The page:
2. You will find all kinds of fresh fish to buy at the outdoor market– beware, the fish does give off a rather noisome odor, but it’s sure to taste good once cooked.
3. Apparently, a scene from Game of Thrones, Season 2, Episode 6 was filmed here (don’t quote me on the season or episode number). Now, would a trip to Morocco be complete without a Game of Thrones reference? Or, a Stranger Things reference? Or, a Star Wars reference? (Insert anything mainstream here).
4. The medina in Essaouira has more of a chill vibe, rather than a “you’re going to get lost and may get kidnapped vibe,” (this will most likely be expanded upon in later blog post on Fes).
5. There are music festivals. Here’s a link- Essaouira Music Festivals
6. The ocean, because who doesn’t like water?
7. Kite surfing in the ocean (never been, but it’s an option here).
8. If you’re a Bob Marley fan, there’s a lot of Rastafarian attire that you can buy.
9. You get the chance to see tons of seagulls.
Although we only stayed in Essaouira for a mere few hours, this was by far one of my favorite places in Morocco and I will go back to kite surf and lounge- once I’ve seen the whole world. Give me like 5 years.
Tours can run however long you want them to, but in case you need a reference point-mine was an hour. It cost about 20 dirham- this equates to 10 or so U.S. dollars. Plus, you need to add tip, so the total was approx. 25 dirhams. On the tour, we were told some history about Essaouira, which I don’t remember. We were also taken to look at some woodwork, which I didn’t really care about. Because everyone is exactly like me, I wouldn’t recommend getting a tour guide here. You’re relatively safe and yes, all medina’s can be hard to navigate- because they’re basically a maze- but there is a map you can pick up at the tourist information center upon your arrival.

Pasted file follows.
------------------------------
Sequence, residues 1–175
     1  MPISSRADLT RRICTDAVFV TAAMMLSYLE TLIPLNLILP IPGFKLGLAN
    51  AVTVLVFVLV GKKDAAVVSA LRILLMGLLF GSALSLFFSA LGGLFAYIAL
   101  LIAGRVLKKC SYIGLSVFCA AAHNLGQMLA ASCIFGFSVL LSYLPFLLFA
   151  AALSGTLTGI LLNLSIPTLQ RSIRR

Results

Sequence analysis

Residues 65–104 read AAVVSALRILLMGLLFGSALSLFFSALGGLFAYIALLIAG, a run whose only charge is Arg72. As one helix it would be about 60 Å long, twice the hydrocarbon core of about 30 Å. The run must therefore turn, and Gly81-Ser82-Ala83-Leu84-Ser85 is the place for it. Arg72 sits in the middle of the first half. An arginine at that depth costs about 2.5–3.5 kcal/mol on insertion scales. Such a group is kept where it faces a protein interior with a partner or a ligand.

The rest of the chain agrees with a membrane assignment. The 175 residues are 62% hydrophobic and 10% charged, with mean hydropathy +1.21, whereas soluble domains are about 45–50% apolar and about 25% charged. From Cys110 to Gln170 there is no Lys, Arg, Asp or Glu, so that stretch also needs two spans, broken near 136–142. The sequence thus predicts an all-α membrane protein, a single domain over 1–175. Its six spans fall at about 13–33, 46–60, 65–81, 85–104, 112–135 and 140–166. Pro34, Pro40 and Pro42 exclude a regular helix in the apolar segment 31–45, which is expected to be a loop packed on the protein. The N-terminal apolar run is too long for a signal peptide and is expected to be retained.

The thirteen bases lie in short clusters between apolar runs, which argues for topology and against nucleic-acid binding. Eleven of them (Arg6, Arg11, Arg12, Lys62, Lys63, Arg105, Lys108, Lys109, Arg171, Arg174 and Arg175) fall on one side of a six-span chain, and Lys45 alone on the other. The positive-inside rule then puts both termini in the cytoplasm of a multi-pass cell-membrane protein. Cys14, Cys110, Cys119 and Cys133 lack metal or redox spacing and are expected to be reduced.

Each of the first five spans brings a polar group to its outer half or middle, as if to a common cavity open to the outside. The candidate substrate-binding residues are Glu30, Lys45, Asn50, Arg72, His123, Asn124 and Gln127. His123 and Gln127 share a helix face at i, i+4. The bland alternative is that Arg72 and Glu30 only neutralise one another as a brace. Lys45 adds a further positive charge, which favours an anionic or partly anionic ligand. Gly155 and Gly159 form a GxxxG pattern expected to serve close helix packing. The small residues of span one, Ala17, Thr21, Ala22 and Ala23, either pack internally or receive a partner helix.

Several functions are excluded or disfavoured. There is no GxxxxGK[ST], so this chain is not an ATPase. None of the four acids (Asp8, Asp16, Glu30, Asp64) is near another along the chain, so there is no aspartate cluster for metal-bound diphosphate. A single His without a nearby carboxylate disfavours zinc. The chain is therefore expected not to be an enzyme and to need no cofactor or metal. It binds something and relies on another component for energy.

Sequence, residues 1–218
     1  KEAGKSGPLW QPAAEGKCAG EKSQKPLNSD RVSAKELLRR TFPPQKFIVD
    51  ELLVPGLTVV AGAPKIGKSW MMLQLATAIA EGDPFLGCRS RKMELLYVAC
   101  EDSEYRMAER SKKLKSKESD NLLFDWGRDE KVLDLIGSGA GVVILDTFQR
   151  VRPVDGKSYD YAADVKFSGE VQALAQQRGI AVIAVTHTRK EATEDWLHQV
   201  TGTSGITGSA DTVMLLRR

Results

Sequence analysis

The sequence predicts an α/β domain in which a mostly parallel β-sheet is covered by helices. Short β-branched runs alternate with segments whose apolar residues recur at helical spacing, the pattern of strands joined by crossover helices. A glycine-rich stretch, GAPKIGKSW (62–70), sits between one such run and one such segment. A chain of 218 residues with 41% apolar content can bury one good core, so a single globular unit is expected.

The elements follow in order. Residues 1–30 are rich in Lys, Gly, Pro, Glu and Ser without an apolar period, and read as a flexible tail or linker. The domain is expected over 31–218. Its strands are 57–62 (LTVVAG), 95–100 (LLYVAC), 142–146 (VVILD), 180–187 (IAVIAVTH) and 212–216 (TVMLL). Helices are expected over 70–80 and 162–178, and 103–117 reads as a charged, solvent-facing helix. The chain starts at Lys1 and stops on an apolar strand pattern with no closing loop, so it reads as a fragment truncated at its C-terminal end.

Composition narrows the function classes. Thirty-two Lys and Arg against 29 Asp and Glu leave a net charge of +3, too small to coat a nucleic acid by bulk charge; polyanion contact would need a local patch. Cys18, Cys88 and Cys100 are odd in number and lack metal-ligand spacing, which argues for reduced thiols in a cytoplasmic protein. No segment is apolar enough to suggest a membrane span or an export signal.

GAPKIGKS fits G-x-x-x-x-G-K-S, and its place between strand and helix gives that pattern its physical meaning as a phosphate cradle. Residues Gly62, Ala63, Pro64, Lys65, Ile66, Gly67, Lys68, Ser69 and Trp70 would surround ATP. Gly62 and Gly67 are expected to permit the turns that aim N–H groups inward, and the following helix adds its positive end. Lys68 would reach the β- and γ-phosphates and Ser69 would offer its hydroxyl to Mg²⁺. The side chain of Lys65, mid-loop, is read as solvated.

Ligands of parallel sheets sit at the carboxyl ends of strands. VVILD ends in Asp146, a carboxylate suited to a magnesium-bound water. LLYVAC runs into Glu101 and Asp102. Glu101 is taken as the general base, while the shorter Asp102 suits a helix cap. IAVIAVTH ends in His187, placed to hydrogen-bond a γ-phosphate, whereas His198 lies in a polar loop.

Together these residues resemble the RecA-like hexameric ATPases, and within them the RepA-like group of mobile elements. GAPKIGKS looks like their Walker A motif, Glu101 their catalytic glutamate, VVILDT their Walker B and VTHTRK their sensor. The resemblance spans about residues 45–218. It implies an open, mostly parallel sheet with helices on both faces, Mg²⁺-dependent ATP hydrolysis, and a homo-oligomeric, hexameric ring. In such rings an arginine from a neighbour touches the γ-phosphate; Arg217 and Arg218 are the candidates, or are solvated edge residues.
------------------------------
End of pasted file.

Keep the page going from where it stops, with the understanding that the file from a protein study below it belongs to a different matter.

On the other hand, if you think maplessness is for you, make a mental note of the orientation of the clock wherever you are…or maybe that’s Germany. Either way, I feel like you will be able to figure it out.
Readers, have you seen a trend yet? Maps literally seem to be the only halfway credulous advice I can give in my posts. Maybe I should just change my website name to www.wordpress.maps.blog and rename all my blog posts “Maps and Where to Find Them.” Or, “The Key to Leading a Good Life: Maps” or “What to do When You Don’t Know What to Do: Read a Map.” There’s a lot of different directions I can go (no pun intended), so I’ll think on that.
I don’t really have any weird stories about our stop in Essaouira, mostly because it was so short. And probably because I was still trying to figure out where I was to even pay attention to anything that may have seemed off.
But in all likelihood, at some point I was probably knocked unconscious, caged for a brief period of time, and subsequently used for some kind of weird science experiment in a secret lab. After all of this I’m guessing I was doused with memory loss pills, implanted with a tracker, and eventually set free to carry out some covert operation for who knows what/who/where/when. That would explain how I ended up next to an Orson Welles monument.
See more pictures below. What do you think? Does Essaouira look like a tourist trap? Would you make this stop a part of your Moroccan itinerary? Are you excited to hear about the rest of Morocco? Are you bored? Would you like some food? Should I go jump off a cliff? Should I give up writing for good?
Just seeing if you were paying attention.
The real title of this blog should be something along the lines of “The Cool Coast of Northwest Africa,” but I like to remember things my own way.
Stay tuned for more weird places you’ve never heard of, fellow adventurers!
“I like to remember things my own way. How I remembered them, not necessarily the way they happened.”– David Lynch